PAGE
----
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Synchronous Motor: Application, Starting Method and Working Principle

Nov. 30, 2020

Electric motors are electromechanical devices that convert electrical energy into mechanical energy. According to the type of input, we divide it into single-phase motors and Three Phase Motor.

The most common types of three-phase motors are synchronous motors and induction motors. If three-phase electrical conductors are placed in certain geometric positions, electric fields will be generated. The rotating magnetic field rotates at a certain speed, which is called synchronous speed. If there is an electromagnet in the rotating magnetic field, the electromagnet is magnetically locked by the rotating magnetic field and rotates at the same rotating field speed. This is the source of the term synchronous motor because the rotor speed of the motor is the same as the rotating magnetic field.

Structure of synchronous motor

Generally, its structure is almost similar to that of a three-phase induction motor, the difference is that we provide direct current to the rotor here, and we will explain the reason later. Now, let us first understand the basic structure of this motor.

The main features of synchronous motors

Synchronous Motors are not self-starting in nature. They need some external means to make their speed close to the synchronization speed, and then synchronize. Its operating speed is synchronized with the power supply frequency, so for a constant power supply frequency, they can be used as constant speed motors regardless of load conditions. The motor has the unique characteristics of being able to run under any power factor. This makes it used to improve electrical power factor.

Synchronous Motors

Synchronous Motors

The working principle of synchronous motor

The synchronous motor is a double-excited motor, which means it provides two electrical inputs. Its stator windings include: we provide three-phase power for the three-phase stator windings and provide direct current for the rotor windings.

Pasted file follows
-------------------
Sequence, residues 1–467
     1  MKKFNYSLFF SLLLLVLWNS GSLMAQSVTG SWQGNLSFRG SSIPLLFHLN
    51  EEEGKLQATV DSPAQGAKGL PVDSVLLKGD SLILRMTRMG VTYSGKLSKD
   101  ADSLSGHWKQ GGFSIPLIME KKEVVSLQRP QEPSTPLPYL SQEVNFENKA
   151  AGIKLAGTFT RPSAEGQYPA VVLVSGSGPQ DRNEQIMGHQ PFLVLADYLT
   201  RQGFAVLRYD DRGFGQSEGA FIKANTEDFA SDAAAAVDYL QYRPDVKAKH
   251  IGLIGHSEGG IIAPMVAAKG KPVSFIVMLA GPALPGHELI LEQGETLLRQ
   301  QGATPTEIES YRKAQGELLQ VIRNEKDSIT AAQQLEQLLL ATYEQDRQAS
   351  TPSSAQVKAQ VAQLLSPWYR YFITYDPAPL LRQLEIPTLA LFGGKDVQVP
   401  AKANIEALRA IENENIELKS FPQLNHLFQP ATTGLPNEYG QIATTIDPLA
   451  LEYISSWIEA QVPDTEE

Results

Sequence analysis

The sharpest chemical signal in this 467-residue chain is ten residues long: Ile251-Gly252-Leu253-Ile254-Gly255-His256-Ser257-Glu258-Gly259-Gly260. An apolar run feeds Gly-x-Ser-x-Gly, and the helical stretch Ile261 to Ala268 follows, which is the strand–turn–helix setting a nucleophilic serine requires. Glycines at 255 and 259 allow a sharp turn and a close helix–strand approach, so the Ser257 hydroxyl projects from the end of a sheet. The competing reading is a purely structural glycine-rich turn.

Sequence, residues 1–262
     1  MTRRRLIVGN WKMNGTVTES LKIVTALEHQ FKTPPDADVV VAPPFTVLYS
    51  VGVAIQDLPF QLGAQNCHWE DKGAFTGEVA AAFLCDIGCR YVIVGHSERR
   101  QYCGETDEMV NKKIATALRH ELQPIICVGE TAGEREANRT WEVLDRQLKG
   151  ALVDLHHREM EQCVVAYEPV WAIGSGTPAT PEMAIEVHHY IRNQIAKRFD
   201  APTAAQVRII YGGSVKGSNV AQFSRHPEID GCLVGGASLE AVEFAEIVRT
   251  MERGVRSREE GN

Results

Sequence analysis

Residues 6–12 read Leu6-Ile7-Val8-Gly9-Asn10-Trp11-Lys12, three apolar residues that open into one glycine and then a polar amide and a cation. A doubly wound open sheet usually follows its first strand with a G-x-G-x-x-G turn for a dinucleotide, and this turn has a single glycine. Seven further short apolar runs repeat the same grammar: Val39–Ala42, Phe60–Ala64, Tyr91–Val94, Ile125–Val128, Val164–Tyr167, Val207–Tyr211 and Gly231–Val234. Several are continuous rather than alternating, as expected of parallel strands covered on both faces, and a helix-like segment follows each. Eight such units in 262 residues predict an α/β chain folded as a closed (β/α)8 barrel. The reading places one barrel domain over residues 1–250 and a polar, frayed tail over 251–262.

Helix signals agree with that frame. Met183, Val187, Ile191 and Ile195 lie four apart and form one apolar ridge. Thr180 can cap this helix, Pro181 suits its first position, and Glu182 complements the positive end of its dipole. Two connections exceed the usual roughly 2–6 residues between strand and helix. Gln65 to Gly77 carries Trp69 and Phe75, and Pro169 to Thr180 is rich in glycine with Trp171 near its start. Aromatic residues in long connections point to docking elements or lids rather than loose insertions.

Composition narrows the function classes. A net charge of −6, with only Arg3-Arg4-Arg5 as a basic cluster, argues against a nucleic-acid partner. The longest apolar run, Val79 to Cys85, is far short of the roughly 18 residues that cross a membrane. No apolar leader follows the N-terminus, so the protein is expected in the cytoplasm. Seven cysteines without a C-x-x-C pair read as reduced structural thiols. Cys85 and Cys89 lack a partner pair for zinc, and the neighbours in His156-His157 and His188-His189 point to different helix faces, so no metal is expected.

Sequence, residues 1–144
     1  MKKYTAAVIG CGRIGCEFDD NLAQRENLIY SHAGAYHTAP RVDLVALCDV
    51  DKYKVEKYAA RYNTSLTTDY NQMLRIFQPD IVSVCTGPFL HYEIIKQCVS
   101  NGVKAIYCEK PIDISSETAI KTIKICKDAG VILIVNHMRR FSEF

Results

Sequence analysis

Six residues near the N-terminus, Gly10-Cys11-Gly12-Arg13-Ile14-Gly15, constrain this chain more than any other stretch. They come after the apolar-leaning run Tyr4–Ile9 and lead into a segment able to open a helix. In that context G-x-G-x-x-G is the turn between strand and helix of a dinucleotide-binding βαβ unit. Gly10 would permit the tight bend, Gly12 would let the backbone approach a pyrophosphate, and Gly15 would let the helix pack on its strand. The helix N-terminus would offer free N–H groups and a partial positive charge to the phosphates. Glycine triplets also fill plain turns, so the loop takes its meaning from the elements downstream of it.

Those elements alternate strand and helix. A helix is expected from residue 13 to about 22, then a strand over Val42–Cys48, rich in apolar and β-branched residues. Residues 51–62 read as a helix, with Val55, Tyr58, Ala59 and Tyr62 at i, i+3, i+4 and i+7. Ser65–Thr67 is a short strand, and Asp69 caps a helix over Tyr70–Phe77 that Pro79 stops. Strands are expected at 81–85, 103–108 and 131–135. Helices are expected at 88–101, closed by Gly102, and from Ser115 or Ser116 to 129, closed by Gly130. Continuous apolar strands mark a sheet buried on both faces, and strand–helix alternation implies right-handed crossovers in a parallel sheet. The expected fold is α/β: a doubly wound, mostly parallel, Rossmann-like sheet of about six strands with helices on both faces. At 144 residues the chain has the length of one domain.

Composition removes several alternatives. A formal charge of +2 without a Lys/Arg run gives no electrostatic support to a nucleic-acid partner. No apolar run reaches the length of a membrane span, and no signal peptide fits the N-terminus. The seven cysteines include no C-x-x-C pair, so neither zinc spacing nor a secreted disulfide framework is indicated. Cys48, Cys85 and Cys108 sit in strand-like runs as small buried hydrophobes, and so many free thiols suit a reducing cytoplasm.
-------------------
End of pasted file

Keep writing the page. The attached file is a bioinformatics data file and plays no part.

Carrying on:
A 3-phase stator winding with 3-phase current will generate 3-phase rotating magnetic flux. A rotor with a DC power supply also generates a constant flux. Taking into account the 50 Hz power frequency, we can calculate that the three-phase rotating magnetic flux rotates 3,000 times in 1 minute and 50 times in 1 second.

At a certain moment, the rotor pole and the stator pole may have the same polarity, thereby generating a repulsive force on the rotor, and at the next moment, it will be NS, which will cause attraction. However, due to the inertia of the rotor, due to attractive or repulsive force, the rotor cannot rotate in any direction, and the rotor remains stationary. Therefore, the synchronous motor will not start automatically.

Here, we use some mechanical means to initially make the rotor rotate in the same direction as the magnetic field, so that the speed is very close to the synchronous speed. When the synchronous speed is reached, a magnetic lock will occur, and the synchronous motor will continue to rotate even after the external mechanical device is removed.

Starting method of synchronous motor

Motors started by external prime movers: A synchronous motor is mechanically coupled with another motor. It can be a Three Phase Induction Motor or a DC parallel motor. Here, we do not apply DC excitation initially. It rotates at a speed very close to its synchronous speed and then gives a DC excitation. After a period of time, when an electromagnetic lock occurs, the power supply to the external motor will be cut off.

Damper winding In this case, the synchronous motor is of salient pole type, and the additional winding is placed on the pole face of the rotor. Initially, when the rotor is not rotating, the relative speed between the damper winding and the rotating air gap magnetic flux is large, and an electromotive force is induced therein, thereby generating the required starting torque. When the speed is close to the synchronous speed, the electromotive force and torque will decrease, and finally decrease when electromagnetic lock occurs; the torque will also decrease to zero. Therefore, in this case, the synchronous motor is first operated as a three-phase induction motor with additional windings, and finally synchronized with the frequency.

Application of synchronous motor

A synchronous motor with no load on the shaft is used to increase the power factor. Because it has the characteristics of working under any power factor, it can be used in the case of expensive static capacitors in the power system.

Synchronous motors are suitable for occasions where the running speed is small and high power is required. For power requirements from 35 kW to 2500 kW, the size, weight and cost of the corresponding three-phase induction motors are very high. Therefore, these motors are preferably used.

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